Fallopius and his contemporaries knew enough about syphilis to know that it was transmitted through sexual contact. He further deduced that a barrier preventing the genitals from touching directly during sex could reduce the risk of exposure.

The solution? A thin linen sheath soaked in herbs and unnamed chemicals and then dried.

Men, Fallopius surmised, could wear the sheath during sex — reportedly tied with a ribbon — and potentially prevent infection.

It was a fascinating and simple idea. The next step was proving it worked.

In what is considered to be one of the first historical examples of a clinical trial, Fallopius recruited 1,100 men to test out a sheath during sex.

Gabriel Fallopius describes some of his discoveries to the Cardinal Duke of Ferrara. Painting by Francis James Barraud. Image via Wellcome Images/Wikimedia Commons.

The results were astonishing: not one single participant reported contracting syphilis while using the sheath.

In a book about the experiment published two years after his death, Fallopius reported on his findings: "I tried the experiment [the use of condoms] on 1,100 men, and I call immortal God to witness that not one of them was infected."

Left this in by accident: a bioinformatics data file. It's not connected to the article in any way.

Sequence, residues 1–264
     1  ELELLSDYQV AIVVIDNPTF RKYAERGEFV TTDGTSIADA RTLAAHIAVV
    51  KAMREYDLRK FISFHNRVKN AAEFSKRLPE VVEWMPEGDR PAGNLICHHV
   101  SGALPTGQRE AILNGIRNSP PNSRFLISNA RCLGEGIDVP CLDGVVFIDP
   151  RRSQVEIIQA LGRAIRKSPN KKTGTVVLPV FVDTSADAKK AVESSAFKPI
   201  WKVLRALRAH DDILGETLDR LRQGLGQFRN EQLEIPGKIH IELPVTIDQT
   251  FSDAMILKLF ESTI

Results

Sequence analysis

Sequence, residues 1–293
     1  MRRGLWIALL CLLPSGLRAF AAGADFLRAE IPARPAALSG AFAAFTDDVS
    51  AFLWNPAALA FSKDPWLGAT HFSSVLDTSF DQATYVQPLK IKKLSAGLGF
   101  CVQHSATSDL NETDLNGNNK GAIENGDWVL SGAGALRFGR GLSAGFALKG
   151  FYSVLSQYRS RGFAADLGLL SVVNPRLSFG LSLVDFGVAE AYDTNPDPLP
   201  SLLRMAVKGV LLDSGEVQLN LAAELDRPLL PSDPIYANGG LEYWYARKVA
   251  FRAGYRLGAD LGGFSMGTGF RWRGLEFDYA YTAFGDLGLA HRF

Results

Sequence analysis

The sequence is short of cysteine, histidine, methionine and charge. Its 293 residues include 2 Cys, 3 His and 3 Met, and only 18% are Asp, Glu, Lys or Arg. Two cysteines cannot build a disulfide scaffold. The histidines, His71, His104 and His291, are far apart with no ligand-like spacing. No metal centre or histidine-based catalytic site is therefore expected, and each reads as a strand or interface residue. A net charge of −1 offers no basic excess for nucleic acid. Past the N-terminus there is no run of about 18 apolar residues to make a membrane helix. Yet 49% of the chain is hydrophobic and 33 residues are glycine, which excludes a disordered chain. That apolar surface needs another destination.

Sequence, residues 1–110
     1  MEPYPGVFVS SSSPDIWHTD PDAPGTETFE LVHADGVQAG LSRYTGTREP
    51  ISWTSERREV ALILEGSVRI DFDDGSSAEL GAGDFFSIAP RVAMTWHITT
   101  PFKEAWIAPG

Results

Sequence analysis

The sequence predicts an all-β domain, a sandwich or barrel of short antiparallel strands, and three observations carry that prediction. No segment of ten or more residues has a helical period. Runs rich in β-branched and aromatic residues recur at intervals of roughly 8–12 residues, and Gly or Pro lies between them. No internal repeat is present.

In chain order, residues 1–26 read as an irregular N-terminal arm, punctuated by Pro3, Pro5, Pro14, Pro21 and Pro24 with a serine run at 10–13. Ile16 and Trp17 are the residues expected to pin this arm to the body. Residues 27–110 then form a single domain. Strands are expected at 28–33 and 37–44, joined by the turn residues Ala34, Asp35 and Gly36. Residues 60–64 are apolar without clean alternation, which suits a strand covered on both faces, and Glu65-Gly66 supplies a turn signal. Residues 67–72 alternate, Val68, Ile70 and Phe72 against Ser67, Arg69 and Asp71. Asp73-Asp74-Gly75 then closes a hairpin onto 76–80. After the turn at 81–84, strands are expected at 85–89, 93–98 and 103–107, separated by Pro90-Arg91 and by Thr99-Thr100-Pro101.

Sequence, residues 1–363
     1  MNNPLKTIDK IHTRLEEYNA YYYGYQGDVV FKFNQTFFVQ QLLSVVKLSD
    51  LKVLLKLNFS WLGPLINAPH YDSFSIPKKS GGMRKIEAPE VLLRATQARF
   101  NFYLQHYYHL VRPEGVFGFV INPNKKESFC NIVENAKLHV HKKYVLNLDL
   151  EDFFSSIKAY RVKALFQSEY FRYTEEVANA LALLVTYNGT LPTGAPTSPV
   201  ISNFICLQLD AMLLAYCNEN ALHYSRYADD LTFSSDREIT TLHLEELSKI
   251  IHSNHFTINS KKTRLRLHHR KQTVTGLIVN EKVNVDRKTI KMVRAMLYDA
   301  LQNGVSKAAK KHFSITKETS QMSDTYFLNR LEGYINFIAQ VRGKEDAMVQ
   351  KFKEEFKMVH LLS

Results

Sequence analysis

Unlike a modern clinical trial, which would confirm patient reports with tests, Fallopius had to trust his participants to tell the truth. Still, the trial was a major breakthrough in STI prevention — and in our collective understanding of the transmission of this deadly disease.

Centuries later, the condom continues to evolve.

Simple, portable, and life-saving. Image via iStock.

Linen and animal intestine sheaths have been replaced with latex, polyurethane or polyisoprene. There are female condoms and condoms of all sizes and shapes for men. They are designed to improve pleasure for both partners, made increasingly thin with ridges, ripples, and other pleasurable accoutrements. Best of all, they're inexpensive, readily available, and easily transportable.

Philanthropist Bill Gates is so convinced of the importance of condom use in aiding sexual wellness in developing countries that, in 2013, he awarded grants to designers who could make an effective condom that doesn't limit sexual enjoyment. The winning design, an ultra-sensitive sheath made partly from bovine collagen, is awaiting approval from the FDA.

Condoms are far from perfect, but when used correctly by consenting partners, they give people more autonomy and control over their bodies.

And while there have been many innovations beyond what he ever dreamed of, we can collectively thank Gabriel Fallopius for his work in helping the science along to where it is today.

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Watch the full story:

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Watch the full story:

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Anne Owens and Luke Redito / Wikimedia Commons